“So there is a Courthouse?”

“Yes sir! Dying may put an end to one’s life, or earth-duty as someone just said, for sure, for you don’t wander down to the cafe anymore and discuss over a cappacino the transcendental essence of existence, for sure; but it surely doesn’t end the person in question, who might have rights. Which is the point. What are the rights of these who were so life-involved, as few are but, in this case, lest I lose the thread—if, if I say, if we simply posit them before some higher tribunal making the request to know what happened. See what I mean anybody?”

“It’s the Trial of Soren Kierkegaard, in the afterlife. on the marquee, outside the courthouse, it says: Today: Or no, it says: Ongoing! The Trial of SK.”

“The gallery is full.”

“He has petitioned! He wants to know what happened to himself, historically. And not because, so much, he wants to actually know that—but because he wants to know whether he has rights to know that. That is, he is calling the question of the connection between the dead and the living—but only in this one polite regard, so as to get it on the table, the big table!, but not to upset any realities you know.”

“Isn’t that just so Kierkegaardian of him!”

– ELEVEN –

“It’s something that was said before about . . . fellow travelers, I’m still thinking about that. Can you really imagine traversing into . . . another world with the ones so dearly traveled with here. I mean . . . there. I have to keep remind-ing myself where I am. I mean where I am not! Damn it!”

“When does the luggage arrive? If there is any luggage.”

“Listen to that.”

“Life the adventure is which all parties are slain. One on the veranda, one running, one in bed with one eye on the clock, one standing bravely with the wind in his face as the report comes in. The manner of each death . . .”

“I used to hear train whistles at night, and I never saw where the train-tracks were.”

“Okay, I ‘m only taking one other person with me.“

“I think I hear music now.”

“It’s accompanying him. On his post-romantic journey to the other world.”

“Excuse me, but isn’t it too late for that plan?”

“You don’t look for someone who is right to escape life with. You look for someone who is right to live with. You would and she would be perfect for all-time life-time, every dotting the i’s so to speak . . . every sentiment and every . . . what should we choose for an example? . . . every decision shared stamped into the memory of God!”

“Leave God out of this. If we can’t talk without reference to God, we’re getting nowhere. God knows that, if He knows anything.”

“What is the origin of music?”

“Horses clomping on the road to the merry old tavern.”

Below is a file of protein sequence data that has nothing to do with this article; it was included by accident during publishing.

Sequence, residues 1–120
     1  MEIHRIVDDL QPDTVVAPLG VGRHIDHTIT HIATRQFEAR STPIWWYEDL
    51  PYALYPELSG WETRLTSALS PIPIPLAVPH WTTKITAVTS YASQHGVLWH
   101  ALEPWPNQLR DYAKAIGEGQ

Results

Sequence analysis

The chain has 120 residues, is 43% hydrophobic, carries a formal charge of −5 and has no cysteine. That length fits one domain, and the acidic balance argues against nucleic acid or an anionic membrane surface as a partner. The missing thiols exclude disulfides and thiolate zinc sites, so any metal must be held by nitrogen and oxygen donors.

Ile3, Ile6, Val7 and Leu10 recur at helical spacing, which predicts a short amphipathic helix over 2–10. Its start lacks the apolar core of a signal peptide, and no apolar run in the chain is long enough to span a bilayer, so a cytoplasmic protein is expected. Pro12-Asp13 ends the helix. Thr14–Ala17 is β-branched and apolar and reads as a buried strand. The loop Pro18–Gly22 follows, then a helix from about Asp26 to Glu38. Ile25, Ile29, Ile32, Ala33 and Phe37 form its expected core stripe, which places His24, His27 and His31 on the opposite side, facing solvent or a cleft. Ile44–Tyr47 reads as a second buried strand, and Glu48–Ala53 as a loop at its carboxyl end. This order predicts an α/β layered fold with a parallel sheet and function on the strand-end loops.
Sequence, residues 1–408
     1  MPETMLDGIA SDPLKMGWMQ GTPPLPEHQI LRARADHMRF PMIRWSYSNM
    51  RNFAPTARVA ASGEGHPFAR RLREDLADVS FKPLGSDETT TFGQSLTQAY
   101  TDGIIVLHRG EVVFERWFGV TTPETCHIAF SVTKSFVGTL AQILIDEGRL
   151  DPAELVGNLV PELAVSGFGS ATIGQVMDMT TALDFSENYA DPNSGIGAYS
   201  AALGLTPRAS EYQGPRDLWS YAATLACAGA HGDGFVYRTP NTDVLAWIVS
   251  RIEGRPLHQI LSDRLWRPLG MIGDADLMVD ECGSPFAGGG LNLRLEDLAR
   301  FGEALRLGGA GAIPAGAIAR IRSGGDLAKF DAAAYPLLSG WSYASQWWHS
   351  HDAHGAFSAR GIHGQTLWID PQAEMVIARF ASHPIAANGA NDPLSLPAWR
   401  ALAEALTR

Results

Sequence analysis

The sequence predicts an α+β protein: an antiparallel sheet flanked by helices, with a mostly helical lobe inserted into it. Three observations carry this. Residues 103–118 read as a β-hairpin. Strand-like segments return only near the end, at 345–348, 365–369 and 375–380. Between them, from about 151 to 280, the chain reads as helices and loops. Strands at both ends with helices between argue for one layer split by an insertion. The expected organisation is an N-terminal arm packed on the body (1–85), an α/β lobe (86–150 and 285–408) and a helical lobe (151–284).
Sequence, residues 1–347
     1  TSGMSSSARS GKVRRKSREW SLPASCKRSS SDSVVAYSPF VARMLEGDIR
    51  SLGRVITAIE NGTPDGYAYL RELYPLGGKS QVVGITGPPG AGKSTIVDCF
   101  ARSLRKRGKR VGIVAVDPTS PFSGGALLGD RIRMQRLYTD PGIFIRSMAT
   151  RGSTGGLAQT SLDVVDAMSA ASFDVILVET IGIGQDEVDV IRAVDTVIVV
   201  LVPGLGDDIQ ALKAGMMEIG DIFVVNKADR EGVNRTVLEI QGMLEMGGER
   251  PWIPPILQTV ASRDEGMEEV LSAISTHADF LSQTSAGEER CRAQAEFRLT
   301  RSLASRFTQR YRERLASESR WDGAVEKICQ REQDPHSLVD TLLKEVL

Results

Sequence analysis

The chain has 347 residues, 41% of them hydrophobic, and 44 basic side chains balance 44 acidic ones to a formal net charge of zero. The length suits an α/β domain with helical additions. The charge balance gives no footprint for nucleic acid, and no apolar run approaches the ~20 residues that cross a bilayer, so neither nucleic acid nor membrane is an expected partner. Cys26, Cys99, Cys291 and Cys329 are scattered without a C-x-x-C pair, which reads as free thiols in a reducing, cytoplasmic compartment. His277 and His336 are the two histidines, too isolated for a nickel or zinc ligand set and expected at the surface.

“Rhythms akin to speech, but not forming into speech? Maybe?”

“A discovery of sound while spinning the linen . . .”

“And the loom is transformed into the harp. Maybe.”

“Say what you like.”

“Of course if you wake up every day with the big mystery
pressing on you, you have no time or inclination for a regular job. I did everything I could to believe they were all in it with me. But they just kept hauling out their golf clubs and serving up those meals. Now I’m really in trouble, because I’m an old man, and still have the heart of a disssenter. The only one who believed in the profound. I’ll crack this- yet.”

“We do get some lunatics, who are on the whole not prone to violence, but rather self-immolation.”

“What did you say was the origin of music?”

“Music is rather the origin of something, rather than a thing one needs to question. I mean, nothing proceeeds it, as I see it.”

“Maybe we are glorifying everything.”

“What do you mean by that?”

“Because it’s all we’ve got.”

“I like to be alone with my thoughts. My thoughts are so big, they are like twelve television sets. I can sit there and react. It’s incredible.”

“The trouble, the thing with life is, it is interesting. So you have a question about it, like when you are five years old, the question is soon overwhelmed by the interesting. The yard is a big screen mystery, the very setting for truth! In fact, it occurs to you that this interesting aspect may be the answer to this question. Life will answer to life. So you pursue this theory and are inveilged with a whole life, while yet—”

“It actually isn’t the case. The mystery stubbornly remains!”

“The music. The candlelight.”

“What is the origin of candlelight?”

“Yellow leaves . . . strewn along the path where they walk by the river.“

“This must inevitably turn into an exchange of two, a lovers’ obscure talk, as the fate of the universe surely depends upon them.”

“Make it up as you go along!”

“I think if it’s two, they aren’t lovers.”